“military status has been utilized to silence anyone who has questions about the true impact of the oil project.”

On 15 April last year, the park’s chief warden and SOCO International opponent, Emmanuel de Merode, was driving back to his Virunga HQ after depositing a dossier on SOCO International’s activities with the public prosecutor in the provincial capital. His car was sprayed with bullets by unknown gunmen. Emmanuel de Merode was hit twice, but miraculously survived. SOCO International felt moved to issue a public statement denying involvement in the shooting.

An article in The Daily Telegraph published in September said that, in April last year, two fishermen were killed by soldiers protecting SOCO International’s compound, just hours after arguing against SOCO International’s presence in their community. The deaths were verified by Human Rights Watch, according to the article.

In December, the all-party group on anti-corruption heard from members of civil society in the park, and their stories of intimidation were deeply concerning. One activist, Alphonse Muhindo Valivambe, told the group that he and his colleagues “faced death every day” in their campaign against oil activities in Virunga. Indeed, Mr Valivambe was forced to flee to London for three months in 2012, so concerned was he for his personal safety.

As per the UN guiding principles on business and human rights, I ask the Minister whether and in what capacity the UK’s diplomatic missions in the region will support the human rights and civil society activists who are trying to defend the park’s protected status. What have the field offices done thus far to support civil society activists, and does the FCO feel it has done enough? Those guidelines say that states must take responsibility for the actions of companies domiciled within their jurisdictions. What can the UK Government do to ensure that SOCO International is conforming to these guiding principles, and what sanctions can they impose if they find that SOCO International, its representatives or allies have committed human rights abuses?

4.13 pm

The Minister for Europe (Mr David Lidington): I congratulate my hon. Friend the Member for Wells (Tessa Munt) on securing the debate. She has brought to the House a case study in the Democratic Republic of the Congo that has attracted widespread attention not only in the United Kingdom, but globally, and that brings together two related but distinct issues: the protection of the unique environment of the Virunga national park; and the specific, serious allegations that have been made about the conduct of one company, to which my hon. Friend related. I want to try to address both those questions.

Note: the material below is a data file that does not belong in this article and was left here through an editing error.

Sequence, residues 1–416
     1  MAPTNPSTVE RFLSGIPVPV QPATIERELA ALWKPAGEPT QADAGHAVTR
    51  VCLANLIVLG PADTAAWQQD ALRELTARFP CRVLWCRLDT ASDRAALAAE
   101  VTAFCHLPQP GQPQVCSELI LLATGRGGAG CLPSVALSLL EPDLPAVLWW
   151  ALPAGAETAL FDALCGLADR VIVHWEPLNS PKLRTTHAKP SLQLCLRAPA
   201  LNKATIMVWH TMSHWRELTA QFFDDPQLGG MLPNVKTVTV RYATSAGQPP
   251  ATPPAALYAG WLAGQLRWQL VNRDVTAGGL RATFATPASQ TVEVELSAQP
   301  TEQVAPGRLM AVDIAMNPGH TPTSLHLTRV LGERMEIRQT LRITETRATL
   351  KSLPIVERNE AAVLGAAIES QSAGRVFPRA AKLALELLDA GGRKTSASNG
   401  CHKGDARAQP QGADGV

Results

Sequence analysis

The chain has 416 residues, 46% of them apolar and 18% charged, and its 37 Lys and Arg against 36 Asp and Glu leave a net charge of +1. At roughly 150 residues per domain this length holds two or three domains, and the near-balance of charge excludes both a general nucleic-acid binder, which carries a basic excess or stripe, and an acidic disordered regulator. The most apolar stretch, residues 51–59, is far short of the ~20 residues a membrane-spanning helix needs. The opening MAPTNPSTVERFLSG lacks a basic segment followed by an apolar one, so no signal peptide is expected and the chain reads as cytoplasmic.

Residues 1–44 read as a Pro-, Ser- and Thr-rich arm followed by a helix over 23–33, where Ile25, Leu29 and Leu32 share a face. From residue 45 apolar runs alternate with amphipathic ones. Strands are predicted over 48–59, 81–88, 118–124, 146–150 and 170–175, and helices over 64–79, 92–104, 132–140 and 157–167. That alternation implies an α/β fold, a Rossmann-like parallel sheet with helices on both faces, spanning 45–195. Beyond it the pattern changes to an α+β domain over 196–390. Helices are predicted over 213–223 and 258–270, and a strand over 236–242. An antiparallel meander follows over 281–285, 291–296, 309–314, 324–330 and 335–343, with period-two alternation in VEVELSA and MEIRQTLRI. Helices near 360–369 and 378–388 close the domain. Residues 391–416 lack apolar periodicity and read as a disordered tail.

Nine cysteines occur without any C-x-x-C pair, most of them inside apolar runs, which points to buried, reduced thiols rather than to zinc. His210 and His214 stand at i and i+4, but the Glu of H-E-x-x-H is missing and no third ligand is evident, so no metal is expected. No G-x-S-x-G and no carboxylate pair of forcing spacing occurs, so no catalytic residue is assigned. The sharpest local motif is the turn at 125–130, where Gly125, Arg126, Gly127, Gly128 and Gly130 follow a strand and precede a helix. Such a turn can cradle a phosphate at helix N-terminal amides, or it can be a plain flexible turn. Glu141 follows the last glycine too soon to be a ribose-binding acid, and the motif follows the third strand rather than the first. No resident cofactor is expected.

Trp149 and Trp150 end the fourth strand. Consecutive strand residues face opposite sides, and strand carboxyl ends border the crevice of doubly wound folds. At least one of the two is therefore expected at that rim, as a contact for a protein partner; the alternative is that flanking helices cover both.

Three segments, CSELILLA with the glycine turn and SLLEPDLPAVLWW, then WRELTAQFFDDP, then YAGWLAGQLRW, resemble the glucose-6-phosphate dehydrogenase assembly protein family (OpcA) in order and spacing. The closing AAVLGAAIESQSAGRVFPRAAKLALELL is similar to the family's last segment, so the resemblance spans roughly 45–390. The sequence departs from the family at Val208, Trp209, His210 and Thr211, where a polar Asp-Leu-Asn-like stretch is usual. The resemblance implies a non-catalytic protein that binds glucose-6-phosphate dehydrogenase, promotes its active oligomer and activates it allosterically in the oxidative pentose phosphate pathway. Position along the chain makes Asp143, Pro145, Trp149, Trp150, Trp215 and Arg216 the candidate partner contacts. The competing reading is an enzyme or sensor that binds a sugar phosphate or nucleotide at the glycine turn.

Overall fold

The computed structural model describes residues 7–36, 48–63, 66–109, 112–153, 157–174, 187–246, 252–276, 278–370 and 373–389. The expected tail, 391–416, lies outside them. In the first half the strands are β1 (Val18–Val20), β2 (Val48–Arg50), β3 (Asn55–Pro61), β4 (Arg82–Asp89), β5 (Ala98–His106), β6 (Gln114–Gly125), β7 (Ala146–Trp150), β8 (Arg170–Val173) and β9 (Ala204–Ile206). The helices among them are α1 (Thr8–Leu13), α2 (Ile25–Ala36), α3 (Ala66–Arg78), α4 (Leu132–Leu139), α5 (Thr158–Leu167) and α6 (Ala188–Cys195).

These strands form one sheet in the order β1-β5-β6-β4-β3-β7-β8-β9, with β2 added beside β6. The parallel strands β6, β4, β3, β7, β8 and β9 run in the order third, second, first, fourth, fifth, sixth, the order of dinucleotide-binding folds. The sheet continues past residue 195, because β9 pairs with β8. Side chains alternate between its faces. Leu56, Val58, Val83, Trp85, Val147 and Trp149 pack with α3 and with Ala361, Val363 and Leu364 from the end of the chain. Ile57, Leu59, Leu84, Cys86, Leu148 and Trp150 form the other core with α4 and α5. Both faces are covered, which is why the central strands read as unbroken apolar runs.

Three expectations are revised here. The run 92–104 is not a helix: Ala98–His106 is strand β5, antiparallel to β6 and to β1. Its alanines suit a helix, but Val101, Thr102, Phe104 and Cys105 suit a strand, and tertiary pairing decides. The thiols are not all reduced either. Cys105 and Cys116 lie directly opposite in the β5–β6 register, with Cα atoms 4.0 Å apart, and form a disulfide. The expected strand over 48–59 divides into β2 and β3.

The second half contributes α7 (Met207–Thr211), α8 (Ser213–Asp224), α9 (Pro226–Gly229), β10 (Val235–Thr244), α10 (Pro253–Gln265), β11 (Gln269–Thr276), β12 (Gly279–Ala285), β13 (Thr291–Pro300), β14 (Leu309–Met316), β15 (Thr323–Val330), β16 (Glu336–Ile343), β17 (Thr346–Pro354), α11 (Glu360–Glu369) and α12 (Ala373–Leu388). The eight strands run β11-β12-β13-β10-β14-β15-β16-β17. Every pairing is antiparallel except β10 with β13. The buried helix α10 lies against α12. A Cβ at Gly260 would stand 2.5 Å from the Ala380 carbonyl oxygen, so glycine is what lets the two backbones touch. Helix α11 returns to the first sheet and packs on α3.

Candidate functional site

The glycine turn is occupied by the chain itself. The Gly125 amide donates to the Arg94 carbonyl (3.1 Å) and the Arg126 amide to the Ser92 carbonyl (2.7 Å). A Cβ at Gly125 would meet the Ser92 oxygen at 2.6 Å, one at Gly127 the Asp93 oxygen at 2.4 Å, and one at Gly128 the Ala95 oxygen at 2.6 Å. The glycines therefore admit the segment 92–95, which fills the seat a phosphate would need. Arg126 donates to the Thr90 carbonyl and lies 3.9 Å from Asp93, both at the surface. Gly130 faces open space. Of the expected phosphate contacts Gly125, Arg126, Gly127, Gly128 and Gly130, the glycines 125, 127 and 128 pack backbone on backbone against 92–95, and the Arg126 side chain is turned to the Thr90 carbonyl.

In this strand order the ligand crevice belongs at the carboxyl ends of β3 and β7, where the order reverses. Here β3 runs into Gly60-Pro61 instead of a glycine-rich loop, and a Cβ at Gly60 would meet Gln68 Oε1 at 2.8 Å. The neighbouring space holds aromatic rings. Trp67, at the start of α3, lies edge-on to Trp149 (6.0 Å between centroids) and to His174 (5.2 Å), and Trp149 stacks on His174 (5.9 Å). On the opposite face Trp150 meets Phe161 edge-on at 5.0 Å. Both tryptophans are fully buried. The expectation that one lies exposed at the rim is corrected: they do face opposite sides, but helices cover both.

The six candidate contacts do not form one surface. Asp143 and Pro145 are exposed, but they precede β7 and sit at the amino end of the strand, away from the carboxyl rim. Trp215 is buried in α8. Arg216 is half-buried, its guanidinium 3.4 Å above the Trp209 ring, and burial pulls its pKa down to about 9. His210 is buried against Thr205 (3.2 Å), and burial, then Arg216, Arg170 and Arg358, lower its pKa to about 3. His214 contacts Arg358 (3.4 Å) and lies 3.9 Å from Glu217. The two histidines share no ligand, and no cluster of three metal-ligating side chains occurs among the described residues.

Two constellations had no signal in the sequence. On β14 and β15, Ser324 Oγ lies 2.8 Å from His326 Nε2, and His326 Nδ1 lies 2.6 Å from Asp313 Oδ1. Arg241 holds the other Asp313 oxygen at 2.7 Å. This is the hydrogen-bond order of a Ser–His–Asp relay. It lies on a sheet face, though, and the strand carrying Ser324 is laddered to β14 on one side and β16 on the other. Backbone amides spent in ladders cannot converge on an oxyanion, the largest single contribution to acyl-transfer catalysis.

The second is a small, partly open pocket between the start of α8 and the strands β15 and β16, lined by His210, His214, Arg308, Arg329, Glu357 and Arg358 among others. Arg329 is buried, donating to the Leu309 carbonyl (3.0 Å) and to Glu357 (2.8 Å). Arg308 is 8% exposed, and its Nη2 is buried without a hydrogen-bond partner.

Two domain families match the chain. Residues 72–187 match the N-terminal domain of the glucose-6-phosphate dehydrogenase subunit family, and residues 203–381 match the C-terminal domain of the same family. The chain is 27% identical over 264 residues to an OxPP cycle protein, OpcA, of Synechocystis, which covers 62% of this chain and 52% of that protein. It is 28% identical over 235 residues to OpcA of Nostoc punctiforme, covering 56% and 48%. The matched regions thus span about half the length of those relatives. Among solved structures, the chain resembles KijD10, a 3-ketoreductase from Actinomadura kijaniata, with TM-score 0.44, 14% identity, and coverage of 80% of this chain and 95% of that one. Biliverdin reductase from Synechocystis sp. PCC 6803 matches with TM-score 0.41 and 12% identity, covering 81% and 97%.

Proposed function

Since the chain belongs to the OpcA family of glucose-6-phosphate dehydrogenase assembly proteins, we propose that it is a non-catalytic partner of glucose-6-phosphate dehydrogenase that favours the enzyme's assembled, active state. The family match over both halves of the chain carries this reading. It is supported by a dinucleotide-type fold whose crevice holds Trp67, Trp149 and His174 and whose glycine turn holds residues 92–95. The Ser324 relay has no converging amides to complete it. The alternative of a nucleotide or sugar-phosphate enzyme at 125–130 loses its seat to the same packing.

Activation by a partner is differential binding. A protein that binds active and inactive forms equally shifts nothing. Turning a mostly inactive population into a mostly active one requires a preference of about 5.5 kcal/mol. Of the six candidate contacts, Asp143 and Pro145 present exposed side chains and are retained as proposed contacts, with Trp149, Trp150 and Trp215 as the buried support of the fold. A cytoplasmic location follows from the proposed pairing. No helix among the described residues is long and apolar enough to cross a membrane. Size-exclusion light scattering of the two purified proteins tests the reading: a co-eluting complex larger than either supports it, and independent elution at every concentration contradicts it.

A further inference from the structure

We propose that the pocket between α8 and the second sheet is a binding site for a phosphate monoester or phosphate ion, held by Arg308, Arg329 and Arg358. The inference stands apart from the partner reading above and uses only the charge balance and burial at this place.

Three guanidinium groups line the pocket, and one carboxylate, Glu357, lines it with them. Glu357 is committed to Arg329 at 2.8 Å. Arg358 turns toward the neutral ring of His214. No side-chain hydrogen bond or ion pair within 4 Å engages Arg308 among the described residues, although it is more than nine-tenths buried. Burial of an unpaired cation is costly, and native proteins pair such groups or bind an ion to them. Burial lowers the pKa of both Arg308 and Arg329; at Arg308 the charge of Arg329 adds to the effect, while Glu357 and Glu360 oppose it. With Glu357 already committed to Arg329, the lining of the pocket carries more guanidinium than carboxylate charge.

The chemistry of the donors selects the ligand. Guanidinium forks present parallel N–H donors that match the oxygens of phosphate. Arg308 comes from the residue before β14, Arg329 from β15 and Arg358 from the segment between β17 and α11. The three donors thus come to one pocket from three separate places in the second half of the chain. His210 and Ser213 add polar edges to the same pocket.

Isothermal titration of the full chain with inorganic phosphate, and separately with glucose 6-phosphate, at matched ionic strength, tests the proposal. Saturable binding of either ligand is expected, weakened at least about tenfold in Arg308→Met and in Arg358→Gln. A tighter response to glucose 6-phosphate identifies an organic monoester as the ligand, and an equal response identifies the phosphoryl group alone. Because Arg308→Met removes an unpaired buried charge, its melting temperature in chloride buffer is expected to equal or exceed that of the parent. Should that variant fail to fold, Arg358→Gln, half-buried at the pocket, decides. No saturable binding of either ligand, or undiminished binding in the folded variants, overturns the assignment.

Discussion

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All hon. Members know that the Democratic Republic of the Congo is one of the most beautiful places on earth, but, particularly in the eastern region, it has been beset by conflict and grave human rights abuses, and there remain endemic, appalling levels of poverty. The coalition Government are committed to supporting the DRC in developing and growing. Our assistance to the country is lifting people out of poverty, helping to improve security and human rights, and supporting an improved business climate. There is a long way to go—I am the first to agree—but the Government, through our international development programme, are investing in reforms to increase access to finance, in job creation and the promotion of opportunities for entrepreneurs, especially women and young people, and in essential infrastructure to increase access to markets.

Our objective is to make the DRC extractive sector more transparent and accountable, given its potential to be an engine for growth and public revenue generation, but for that to happen, any development of extractive industries in the DRC needs to be done in a way that both meets its domestic legal requirements and conforms to international norms, laws and codes on the extractive industries. We certainly expect any UK company to set an example in that respect and not to try to subvert those standards.

Anas Sarwar (Glasgow Central) (Lab): I apologise for not being here from the start of the debate, Dr McCrea. I am sure my all-party parliamentary group colleague, the hon. Member for Wells (Tessa Munt), made her case robustly.

The Minister mentioned the role of UK companies. Obviously, some that represent our overseas territories and Crown dependencies had some role in the Virunga situation. What action can we take against those jurisdictions for which we have some responsibility?

Mr Lidington: I may come to that later.

My hon. Friend asked about our political engagement with the DRC Government. We are committed to working with the DRC Government to try to spread the values of the rule of law, transparency and good governance, which we believe are right in principle. Their implementation would help the DRC to bring about improvement in the material standard of living and a better quality of life overall for its people.